It’s called a missed miscarriage: You arrive, as I did, at the doctor for your first-ever pregnancy appointment, suffering from morning sickness and filled with joyful anticipation–only to learn that your body has not yet registered the death of your small embryo. Despite all of my doctor’s tinkering and double-checking, the ultrasound screen showed no movement. There was just the outline of a baby in me, quiet and still.
Hoping for a natural miscarriage, I told my coworkers what had happened, but asked that we not discuss it at work.
Day after day, I went to the Denver office where I worked as a speech pathologist, carrying my baby deep inside me, like a single stitch woven within fold after fold of tissue and blood.
I was asking my body to let the baby go. My body refused. So the waiting continued.
My sadness was mingled with still another grief: My dad was dying of terminal throat cancer in Arizona, and my husband and I planned to fly there to see him soon.
Each day, I walked with a darkness inside as I attended to each patient, eight in a row, until it was time to go home.
I realize now that I was acting as I felt a good mother would. In waiting, I was protecting that little baby in me, the size of a poppy seed, and giving it space, in its death, to pass. I was giving space to the rest of my future, too. I didn’t know if I would ever have children to be close with, as I was with my dad. So there was just space.
After two weeks, the strain started to wear on me. One Sunday night, my husband found me folded up on the tiny vanity in our bathroom, sitting in the dark.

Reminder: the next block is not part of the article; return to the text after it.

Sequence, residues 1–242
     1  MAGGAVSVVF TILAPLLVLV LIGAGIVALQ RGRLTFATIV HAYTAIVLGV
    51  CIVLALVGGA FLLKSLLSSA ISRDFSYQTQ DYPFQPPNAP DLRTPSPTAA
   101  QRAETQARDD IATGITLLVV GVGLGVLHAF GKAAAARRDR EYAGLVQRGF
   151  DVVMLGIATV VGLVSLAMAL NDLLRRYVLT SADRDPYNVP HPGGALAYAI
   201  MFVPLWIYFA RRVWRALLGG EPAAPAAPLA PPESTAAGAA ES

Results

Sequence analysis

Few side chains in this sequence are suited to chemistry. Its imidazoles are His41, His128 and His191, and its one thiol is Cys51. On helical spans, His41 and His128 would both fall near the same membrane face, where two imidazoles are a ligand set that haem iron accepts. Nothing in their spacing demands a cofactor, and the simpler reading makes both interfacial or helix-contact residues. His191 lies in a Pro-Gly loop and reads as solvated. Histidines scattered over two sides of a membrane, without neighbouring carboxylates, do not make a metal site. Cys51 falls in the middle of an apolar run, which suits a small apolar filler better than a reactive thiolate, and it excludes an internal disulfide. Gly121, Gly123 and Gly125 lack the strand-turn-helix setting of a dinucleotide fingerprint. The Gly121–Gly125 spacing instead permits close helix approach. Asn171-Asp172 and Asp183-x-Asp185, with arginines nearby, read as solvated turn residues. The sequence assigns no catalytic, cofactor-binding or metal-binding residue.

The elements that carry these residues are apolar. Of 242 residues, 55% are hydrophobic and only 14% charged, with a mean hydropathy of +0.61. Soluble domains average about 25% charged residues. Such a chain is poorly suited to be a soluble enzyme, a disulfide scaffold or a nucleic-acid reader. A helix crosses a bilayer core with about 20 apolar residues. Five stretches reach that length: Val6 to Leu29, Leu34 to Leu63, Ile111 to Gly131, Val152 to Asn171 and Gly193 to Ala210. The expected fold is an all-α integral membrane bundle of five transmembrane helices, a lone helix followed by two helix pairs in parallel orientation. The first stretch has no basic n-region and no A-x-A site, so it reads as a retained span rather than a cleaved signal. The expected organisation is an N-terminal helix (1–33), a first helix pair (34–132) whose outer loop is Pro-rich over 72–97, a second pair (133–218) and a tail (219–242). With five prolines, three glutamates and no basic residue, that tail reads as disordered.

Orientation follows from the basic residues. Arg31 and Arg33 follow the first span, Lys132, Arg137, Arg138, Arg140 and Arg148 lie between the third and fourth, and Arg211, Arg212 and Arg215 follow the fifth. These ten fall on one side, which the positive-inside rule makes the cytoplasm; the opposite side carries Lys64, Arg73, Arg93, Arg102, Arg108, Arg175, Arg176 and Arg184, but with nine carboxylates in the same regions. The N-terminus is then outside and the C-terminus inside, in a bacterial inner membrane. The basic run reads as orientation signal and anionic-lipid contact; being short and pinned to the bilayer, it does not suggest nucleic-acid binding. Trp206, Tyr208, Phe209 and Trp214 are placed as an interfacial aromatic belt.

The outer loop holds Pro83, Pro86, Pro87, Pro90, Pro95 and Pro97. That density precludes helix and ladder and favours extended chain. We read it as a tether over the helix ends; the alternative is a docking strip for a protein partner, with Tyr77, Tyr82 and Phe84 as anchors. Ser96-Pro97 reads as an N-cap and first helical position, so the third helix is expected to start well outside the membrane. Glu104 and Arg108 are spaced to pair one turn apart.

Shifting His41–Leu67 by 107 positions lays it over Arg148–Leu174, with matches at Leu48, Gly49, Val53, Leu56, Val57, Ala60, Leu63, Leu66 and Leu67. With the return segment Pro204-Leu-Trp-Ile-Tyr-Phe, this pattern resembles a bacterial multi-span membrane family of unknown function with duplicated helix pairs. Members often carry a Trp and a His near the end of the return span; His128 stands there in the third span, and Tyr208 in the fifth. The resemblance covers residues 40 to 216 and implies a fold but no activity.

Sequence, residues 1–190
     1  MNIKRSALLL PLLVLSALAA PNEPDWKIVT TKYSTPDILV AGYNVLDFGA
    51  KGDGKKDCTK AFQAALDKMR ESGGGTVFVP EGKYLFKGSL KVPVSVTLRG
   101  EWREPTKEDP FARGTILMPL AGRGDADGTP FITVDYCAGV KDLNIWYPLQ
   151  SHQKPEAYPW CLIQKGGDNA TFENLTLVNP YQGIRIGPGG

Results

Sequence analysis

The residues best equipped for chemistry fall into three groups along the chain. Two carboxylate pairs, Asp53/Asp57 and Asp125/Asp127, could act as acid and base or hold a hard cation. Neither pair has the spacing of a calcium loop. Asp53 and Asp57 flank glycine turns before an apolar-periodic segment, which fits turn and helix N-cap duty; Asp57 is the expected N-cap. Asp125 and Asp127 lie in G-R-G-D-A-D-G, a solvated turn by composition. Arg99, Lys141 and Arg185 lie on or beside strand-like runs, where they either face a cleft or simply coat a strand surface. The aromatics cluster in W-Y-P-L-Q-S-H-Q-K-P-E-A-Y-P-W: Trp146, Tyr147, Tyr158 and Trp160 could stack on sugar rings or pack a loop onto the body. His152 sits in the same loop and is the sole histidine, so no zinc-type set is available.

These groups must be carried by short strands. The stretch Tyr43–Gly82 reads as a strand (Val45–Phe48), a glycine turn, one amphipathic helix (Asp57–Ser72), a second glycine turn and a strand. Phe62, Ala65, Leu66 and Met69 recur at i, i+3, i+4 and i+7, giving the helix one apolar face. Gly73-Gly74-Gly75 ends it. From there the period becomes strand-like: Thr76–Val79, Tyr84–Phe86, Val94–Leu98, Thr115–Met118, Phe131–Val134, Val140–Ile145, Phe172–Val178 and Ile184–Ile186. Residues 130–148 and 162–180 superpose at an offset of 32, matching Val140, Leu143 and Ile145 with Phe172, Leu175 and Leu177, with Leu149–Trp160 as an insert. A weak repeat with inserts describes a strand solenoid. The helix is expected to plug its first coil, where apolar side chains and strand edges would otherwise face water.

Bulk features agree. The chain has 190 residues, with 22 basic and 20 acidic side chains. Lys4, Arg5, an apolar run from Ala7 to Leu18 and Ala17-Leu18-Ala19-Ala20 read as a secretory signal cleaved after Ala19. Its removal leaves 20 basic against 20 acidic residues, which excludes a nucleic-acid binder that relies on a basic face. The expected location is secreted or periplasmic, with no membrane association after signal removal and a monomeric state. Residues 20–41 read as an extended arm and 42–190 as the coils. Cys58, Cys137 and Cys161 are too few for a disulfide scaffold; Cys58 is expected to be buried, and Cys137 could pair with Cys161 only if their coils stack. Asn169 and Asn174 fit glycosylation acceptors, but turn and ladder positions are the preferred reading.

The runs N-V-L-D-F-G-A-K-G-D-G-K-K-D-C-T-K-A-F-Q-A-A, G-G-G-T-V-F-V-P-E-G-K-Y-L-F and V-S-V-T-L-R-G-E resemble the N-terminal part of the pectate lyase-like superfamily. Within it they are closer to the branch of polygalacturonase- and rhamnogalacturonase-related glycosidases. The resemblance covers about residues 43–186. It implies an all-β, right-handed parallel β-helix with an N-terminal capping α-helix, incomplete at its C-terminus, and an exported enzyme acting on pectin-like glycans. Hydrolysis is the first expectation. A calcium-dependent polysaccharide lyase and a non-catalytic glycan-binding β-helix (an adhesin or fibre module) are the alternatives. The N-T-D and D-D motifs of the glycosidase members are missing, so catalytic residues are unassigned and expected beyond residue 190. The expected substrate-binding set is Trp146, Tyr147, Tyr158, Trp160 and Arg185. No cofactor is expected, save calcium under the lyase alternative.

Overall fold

“I don’t know if I’m capable of handling this much loss,” I whispered.
The next morning, I greeted my coworkers and finished with, “I can’t talk to any of you,” avoiding the eye contact that was too painful to bear. But in the waiting room, I greeted patient after patient as usual: “Hi! It’s nice to meet you, come on back!”
A few days later, I greeted Roger, a patient in his seventies who looked young for his age. He matched the firmness of my handshake, a litmus test I’d unconsciously absorbed from my father, and I instantly liked him. And he responded so kindly to the proud and energetic woman I present first to everyone that for a second I felt my guard drop.
I led him into my office, invited him to sit and asked him to tell me what had brought him there.
He was an internist, he told me–and as he described the hoarseness, breathlessness and vocal-cord dysfunction that were his chief complaint, his lifetime of clinical experience showed clearly in the thoroughly detailed account. To my surprise and pleasure, despite his impressive professional accomplishments, he interspersed his recital with comments like, “I’m so pleased to hear from an expert like you.” Being all of twenty-eight years old, I felt tremendously honored. And, fortunately, I had some expertise to offer him.
I began by sharing some basic information about the negative impact of throat-clearing, which can lead to the symptoms he described. As a speech pathologist, I often tally the amount of times a patient throat-clears within a session’s first ten minutes. For some, throat-clearing has become so unconscious that they’re surprised to hear that they’ve done so ten times in ten minutes. Roger, I noticed, had cleared his throat fifty-five times within the first ten minutes.
When I shared this, Roger was at first floored–and then exhilarated to have his problem diagnosed, to know that it was nothing serious and to learn that there were tools to address it.